Trying to save the world, one food truck at a time.

Last year, my sister posted a podcast about a social enterprise idea that we had originally ventured on together

It sparked some thoughts of my own, so here goes...

Since it’s easy to forget how foolish a past version of oneself can be.

I certainly still embody the same energy and similar disposition to this present version of myself. But, looking back in the rearview mirror I generally see slow motion face-palm moments. The very genesis of things starting to unravel and the fabric of my ego beginning to tear apart.

That’s a tad too melodramatic, but that comes with the nostalgic territory.

On this occasion, the moment involved two members of my family, one food truck, and a fake empire.

Now to paint the picture of the landscape at the time. Food trucks had already existed in Melbourne in a variety of forms. Yet there hadn’t been a true renaissance in the self-proclaimed food capital of Australia. Of artisanal food trucks offering something more than fries with the lot.

This is in stark contrast to the today where each street corner features a new van.

As I arrived back from an overseas trip at the end of 2010 and at a loose end of what to do next. An idea spruiked by my sister one day over tea that got us plotting our own show. Sticking it to the man, whoever that man might be and developing a food truck concept of our own. Her fact-finding mission to Portland had already showcased the food truck way forward. It was an exciting time and something that spoke to me on a deeper level. Although, I’m unsure which level it was speaking too.

Like all young upstarts deciding what to do, we threw ourselves into the validating our idea. By talking to people we knew about our idea and convincing them it was a good idea. But the theme that would set us apart had alluded us thus far. We remained without a unique selling proposition. Until my sister entered our share house one night in a drunken stupor barking four words ‘refugees and asylum seekers’.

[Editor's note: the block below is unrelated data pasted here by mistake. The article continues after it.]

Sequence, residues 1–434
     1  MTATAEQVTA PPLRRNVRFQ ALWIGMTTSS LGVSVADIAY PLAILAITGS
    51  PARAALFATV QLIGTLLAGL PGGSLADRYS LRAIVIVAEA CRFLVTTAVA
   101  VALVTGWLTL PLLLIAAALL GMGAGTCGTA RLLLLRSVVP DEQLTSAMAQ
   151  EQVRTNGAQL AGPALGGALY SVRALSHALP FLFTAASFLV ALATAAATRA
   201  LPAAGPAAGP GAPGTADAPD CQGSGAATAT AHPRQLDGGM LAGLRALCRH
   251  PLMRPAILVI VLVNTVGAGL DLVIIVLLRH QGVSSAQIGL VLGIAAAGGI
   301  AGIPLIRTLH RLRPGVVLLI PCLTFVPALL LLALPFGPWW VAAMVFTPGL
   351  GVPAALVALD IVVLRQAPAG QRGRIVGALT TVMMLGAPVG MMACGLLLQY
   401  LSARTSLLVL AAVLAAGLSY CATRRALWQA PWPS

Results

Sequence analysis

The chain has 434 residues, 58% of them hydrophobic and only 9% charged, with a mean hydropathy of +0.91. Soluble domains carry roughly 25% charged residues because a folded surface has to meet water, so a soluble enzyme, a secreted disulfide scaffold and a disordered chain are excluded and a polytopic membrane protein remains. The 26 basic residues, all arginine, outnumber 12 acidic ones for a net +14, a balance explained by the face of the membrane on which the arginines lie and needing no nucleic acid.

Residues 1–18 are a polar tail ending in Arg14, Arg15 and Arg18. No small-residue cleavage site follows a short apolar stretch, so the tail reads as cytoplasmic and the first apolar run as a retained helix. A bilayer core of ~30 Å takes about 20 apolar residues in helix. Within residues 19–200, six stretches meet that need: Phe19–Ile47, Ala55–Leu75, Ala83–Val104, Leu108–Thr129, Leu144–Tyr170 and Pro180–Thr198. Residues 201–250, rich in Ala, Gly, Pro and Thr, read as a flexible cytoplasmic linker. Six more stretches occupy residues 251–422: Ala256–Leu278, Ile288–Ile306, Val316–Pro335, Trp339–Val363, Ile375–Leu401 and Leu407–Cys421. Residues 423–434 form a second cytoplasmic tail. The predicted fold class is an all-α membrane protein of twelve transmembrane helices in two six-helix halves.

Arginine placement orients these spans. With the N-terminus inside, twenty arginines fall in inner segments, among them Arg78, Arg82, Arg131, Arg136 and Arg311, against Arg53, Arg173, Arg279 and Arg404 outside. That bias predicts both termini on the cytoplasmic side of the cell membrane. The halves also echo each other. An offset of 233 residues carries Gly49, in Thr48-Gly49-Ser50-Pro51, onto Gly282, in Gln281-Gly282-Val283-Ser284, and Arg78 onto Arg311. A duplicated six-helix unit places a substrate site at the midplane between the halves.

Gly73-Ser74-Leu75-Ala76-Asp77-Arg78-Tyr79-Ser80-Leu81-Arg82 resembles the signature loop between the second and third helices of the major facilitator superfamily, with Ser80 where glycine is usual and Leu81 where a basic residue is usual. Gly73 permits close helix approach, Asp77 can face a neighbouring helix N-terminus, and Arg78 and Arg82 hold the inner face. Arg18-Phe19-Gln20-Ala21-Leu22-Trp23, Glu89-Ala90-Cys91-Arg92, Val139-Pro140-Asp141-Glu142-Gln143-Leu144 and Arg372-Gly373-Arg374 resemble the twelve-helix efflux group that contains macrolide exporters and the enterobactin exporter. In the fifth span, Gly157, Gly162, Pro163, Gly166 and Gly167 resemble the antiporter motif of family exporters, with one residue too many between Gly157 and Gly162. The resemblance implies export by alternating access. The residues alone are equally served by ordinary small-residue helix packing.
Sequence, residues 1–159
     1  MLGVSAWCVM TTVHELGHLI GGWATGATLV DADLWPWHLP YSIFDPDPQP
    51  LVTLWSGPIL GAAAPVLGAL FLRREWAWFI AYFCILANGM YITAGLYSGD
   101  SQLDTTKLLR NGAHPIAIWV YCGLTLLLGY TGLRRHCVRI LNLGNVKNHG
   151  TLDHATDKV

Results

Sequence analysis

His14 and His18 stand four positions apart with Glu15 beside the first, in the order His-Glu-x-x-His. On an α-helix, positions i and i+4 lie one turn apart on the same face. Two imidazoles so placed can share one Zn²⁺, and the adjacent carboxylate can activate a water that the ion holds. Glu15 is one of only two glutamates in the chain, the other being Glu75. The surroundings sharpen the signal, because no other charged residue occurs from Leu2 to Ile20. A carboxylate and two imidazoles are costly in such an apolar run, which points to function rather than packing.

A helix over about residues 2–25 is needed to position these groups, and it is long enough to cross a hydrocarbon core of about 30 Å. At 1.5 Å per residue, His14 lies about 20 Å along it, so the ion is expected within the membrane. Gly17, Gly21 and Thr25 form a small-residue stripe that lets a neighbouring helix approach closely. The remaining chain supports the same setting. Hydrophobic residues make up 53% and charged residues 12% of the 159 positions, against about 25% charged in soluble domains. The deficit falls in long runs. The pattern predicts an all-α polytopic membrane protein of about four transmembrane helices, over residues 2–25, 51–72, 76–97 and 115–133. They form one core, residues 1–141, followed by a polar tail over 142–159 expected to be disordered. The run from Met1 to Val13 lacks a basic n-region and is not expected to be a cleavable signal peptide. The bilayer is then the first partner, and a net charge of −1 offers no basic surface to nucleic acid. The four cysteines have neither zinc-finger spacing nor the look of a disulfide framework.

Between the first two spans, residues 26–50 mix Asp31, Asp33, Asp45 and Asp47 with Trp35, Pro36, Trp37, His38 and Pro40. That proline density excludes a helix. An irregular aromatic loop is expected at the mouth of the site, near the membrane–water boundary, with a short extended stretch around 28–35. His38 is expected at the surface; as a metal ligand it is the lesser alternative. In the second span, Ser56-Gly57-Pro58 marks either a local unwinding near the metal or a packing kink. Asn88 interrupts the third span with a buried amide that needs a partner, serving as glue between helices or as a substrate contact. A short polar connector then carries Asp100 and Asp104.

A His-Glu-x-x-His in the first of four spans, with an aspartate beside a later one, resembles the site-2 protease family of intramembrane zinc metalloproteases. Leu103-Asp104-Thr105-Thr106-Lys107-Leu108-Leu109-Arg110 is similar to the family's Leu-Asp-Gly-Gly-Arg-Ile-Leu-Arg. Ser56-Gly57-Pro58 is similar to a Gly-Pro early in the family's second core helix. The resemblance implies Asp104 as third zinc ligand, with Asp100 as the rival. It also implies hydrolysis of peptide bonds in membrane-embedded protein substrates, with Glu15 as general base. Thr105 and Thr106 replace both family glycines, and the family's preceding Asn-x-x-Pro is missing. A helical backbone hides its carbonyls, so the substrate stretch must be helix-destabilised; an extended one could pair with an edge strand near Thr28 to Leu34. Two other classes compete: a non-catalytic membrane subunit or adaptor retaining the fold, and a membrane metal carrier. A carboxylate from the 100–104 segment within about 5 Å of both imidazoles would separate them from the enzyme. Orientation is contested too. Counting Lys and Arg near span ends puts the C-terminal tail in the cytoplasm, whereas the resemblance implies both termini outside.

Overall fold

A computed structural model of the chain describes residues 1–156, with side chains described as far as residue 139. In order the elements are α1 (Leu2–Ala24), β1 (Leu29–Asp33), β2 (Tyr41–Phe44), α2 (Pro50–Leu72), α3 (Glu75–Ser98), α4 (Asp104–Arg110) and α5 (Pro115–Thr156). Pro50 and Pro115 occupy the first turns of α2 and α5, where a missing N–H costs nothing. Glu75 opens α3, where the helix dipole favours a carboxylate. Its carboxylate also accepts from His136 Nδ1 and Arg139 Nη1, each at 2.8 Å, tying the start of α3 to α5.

The idea of people seeking refuge from war torn terrors and political instability is not a new proposition. The history books showcase a long list of white convicts, vagabonds and vagrants. Banished to the far side of the globe to forge a new part of the British empire entitled ’Terra Nullius’ or ’Nobody’s Land’. Immigration has fostered a diverse nation of many creeds and colours. Yet, a shift in 2001 occured as the Tampa crisis unfolded between Indonesia and Australia. The idea of ’stopping the boats’ became an election winning catch cry that year. The draconian immigration policy that followed has gotten even worse

This stance has sparked furious debate, from both sides of the political divide. A sense of empathy for the true complexities of the situation seems hard to find.

Rather than my sister sprouting those words for comedic effect under the influence. her suggestion came from a genuine place of inquiry. It was a result of some uninformed empathy towards a more nuanced version of the debate.

On the face of it, this was a disaster waiting to happen. Some very privileged caucasian people with rose tinted glasses. Looking to open a conversation about something they knew very little about. Hence, we resolved to discover more. To ask questions of those wiser than us. Who had already developed their own initiatives for a sense of perspective. We started volunteering with organizations close to the issue and one of us worked at a burger truck. Then an eBay auction went out way and we managed to acquire a cheap, yet cheerful home for our new venture. We even recruited another sibling and ranked well in a social enterprise hackathon.